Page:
It ended less than eight years later with him fleeing for his life, exiled from his home and condemned as a traitor.
Four years on from Olonga and teammate Andy Flower's widely-praised World Cup decision to risk all they'd worked for by donning black armbands to make their now famous "death of democracy" denunciation of Robert Mugabe, was it all worth it?
The plight of Zimbabwe in general, and the country's struggling cricket team in particular, will come into sharp focus once again in the Caribbean in four weeks' time when the 2007 World Cup gets underway.
The Zimbabwe team which competed in the 2003 event has endured trauma on and off the field in the years since.
They have been stripped of Test status, torn apart by strikes, boycotts and pay disputes, been routinely whipped into defeat and such has been the violence of the implosion that not one player from the 2003 team has survived to reach the Caribbean.
Despite the dramas, Olonga, has no regrets.
"Andy Flower approached me a few months before the start of the World Cup and touted the idea of a protest," recalled the 30-year-old Olonga.
"There was a thought of boycotting the World Cup but that was too drastic because we didn't want to derail the campaign. It meant so much to so many people.
"So to wear black armbands was the most dignified way."
The backlash from the Mugabe regime was immediate.
"It became very uncomfortable to stay in the country," added Olonga.
"There had been many political opponents who had been imprisoned or had become victims of violence if they didn't toe the line. It was suggested that something very unpleasant would happen to me if I stayed," he told the BBC recently.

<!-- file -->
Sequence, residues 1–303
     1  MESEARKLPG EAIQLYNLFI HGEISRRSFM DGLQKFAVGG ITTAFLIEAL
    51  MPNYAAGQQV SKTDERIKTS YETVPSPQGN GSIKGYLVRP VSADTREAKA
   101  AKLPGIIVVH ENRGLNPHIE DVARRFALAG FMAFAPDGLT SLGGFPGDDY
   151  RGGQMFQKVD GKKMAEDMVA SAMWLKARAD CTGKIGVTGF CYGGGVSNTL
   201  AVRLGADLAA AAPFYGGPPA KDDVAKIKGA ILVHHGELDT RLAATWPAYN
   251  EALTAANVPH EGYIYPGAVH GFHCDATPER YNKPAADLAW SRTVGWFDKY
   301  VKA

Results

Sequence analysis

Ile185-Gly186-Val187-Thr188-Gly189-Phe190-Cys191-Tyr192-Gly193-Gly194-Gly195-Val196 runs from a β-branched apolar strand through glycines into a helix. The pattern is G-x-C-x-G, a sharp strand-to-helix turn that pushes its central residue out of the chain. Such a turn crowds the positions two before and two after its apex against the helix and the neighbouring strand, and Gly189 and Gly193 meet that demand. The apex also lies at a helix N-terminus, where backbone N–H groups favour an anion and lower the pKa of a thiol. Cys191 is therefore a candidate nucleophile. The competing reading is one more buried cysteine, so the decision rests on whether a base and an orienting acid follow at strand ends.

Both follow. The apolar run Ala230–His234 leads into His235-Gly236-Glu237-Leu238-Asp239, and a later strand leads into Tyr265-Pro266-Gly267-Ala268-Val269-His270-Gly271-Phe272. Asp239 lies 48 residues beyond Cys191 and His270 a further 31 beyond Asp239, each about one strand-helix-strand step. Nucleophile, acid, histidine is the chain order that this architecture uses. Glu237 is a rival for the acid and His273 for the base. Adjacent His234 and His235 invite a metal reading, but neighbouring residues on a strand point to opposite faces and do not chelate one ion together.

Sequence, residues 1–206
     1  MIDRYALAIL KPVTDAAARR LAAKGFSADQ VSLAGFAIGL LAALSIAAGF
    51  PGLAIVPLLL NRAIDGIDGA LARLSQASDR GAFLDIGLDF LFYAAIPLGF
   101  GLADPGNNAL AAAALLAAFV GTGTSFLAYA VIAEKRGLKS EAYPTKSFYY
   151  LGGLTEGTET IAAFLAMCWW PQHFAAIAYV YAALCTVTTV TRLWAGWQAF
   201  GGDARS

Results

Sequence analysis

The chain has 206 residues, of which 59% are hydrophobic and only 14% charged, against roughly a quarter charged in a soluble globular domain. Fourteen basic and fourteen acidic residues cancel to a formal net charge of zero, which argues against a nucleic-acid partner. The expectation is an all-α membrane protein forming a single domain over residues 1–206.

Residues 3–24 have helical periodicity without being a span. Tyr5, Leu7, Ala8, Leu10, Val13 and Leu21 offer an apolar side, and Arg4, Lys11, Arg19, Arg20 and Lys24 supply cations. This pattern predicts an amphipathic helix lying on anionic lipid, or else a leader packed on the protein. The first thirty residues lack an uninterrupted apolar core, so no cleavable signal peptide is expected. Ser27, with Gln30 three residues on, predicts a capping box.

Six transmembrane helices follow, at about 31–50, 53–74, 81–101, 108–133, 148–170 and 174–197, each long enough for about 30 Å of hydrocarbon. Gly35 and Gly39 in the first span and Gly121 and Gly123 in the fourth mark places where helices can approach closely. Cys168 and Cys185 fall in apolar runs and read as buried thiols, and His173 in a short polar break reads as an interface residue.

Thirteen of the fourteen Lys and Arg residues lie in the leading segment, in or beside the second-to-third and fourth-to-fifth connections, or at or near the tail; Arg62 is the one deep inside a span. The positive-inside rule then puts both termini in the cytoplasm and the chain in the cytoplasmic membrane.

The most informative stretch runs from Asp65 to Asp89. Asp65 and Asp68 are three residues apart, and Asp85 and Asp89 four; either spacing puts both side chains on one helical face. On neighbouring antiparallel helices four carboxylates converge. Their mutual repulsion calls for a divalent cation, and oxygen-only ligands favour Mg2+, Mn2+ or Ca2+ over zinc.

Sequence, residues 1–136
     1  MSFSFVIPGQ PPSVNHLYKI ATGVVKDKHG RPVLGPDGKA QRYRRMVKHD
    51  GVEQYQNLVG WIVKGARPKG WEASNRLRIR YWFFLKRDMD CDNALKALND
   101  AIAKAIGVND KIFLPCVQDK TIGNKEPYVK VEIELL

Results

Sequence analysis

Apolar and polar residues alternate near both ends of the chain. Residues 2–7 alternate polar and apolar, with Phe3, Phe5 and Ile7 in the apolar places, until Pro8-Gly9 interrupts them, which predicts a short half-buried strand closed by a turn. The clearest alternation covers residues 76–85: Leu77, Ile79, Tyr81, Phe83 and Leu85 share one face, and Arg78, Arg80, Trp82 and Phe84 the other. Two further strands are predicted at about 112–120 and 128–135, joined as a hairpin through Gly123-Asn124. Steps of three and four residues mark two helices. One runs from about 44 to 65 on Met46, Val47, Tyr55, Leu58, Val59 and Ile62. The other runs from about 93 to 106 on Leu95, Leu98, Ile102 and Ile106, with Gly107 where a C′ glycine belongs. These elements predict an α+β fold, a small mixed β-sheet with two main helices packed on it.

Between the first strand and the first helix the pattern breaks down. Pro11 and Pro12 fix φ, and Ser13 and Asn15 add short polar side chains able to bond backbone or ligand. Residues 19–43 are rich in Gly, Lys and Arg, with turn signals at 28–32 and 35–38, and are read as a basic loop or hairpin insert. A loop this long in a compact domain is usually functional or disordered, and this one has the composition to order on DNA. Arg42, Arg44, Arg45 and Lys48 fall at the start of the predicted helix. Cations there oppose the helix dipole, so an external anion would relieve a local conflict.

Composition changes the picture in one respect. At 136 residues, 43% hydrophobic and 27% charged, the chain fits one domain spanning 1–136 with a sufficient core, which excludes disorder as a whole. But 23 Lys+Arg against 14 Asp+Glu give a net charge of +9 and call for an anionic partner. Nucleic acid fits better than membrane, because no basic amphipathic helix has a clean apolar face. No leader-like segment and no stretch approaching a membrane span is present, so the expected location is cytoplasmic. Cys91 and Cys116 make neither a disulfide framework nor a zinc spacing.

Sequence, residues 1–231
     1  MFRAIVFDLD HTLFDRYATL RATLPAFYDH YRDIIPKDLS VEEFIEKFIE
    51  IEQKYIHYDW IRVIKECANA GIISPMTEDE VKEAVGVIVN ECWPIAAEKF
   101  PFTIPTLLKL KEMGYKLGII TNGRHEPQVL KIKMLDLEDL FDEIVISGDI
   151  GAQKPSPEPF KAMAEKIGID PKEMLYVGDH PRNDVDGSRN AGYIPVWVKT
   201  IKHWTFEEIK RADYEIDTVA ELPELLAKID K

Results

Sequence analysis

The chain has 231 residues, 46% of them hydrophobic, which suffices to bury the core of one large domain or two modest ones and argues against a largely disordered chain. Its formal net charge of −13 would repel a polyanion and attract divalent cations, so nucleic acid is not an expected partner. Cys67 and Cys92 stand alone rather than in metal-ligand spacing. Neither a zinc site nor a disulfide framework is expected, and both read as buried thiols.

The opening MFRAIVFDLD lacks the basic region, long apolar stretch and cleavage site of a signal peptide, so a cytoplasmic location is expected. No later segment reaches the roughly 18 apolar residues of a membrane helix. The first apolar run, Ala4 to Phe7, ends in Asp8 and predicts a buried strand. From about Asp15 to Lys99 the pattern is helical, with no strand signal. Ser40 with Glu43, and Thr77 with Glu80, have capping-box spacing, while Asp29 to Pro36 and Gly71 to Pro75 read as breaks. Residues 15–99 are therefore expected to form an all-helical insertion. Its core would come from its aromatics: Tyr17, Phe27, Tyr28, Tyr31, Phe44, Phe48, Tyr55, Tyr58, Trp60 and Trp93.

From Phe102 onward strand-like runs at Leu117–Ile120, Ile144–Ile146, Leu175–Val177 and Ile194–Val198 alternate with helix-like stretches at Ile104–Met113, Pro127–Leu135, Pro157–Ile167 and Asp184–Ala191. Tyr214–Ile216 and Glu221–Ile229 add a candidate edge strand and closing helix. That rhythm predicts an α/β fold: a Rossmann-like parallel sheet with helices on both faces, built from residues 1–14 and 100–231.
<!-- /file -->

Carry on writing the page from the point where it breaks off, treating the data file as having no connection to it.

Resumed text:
Olonga was able to make his escape to England once his team's involvement in the 2003 World Cup came to an end with a tame defeat to Kenya in the South African city of Bloemfontein.
Reports suggested that Zimbabwe secret agents had arrived at the ground with the intention of snatching Olonga and spiriting him back across the border to face the wrath of Mugabe.
Olonga now lives peacefully in England, establishing a music career but still active in the game featuring in charity and club games.
Flower also played the last of his 213 One-day internationals at the World Cup and like Olonga it was in South Africa in a defeat in East London to Sri Lanka before he too made his escape to England.
Since then, the 38-year-old has kept playing for Essex and South Australia.
Four years on, Flower is still depressed over what's happened to his country.
"The stance that Henry Olonga and I took was against human rights abuses and the lack of democracy, to highlight that Zimbabwe was turning into a police state," said Flower.
"People were being raped, beaten and tortured. I don't like being called a rebel. Our protest had an impact when we did it, but in the practical sense, I don't think it has done anything."
In the West Indies, Zimbabwe's challenge is likely to be put down quickly and ruthlessly, having been drawn in a first round group with former champions West Indies and Pakistan.
"I don't see a long-term future for Zimbabwe," says Flower.
"The domestic structure isn't strong enough to bring through the quality of players to do well on the international stage."
Olonga believes all is not lost, but that there are still plenty of dark days ahead.
"There's no inheritance for young people there, many have left, many have had their youth stolen from them," he says.
"Mugabe was a great showman. Many people thought he supported reconciliation but he showed his true colours with the land invasions.
"But I have a lot of hope for the country. Zimbabwe has great people - just bad leadership."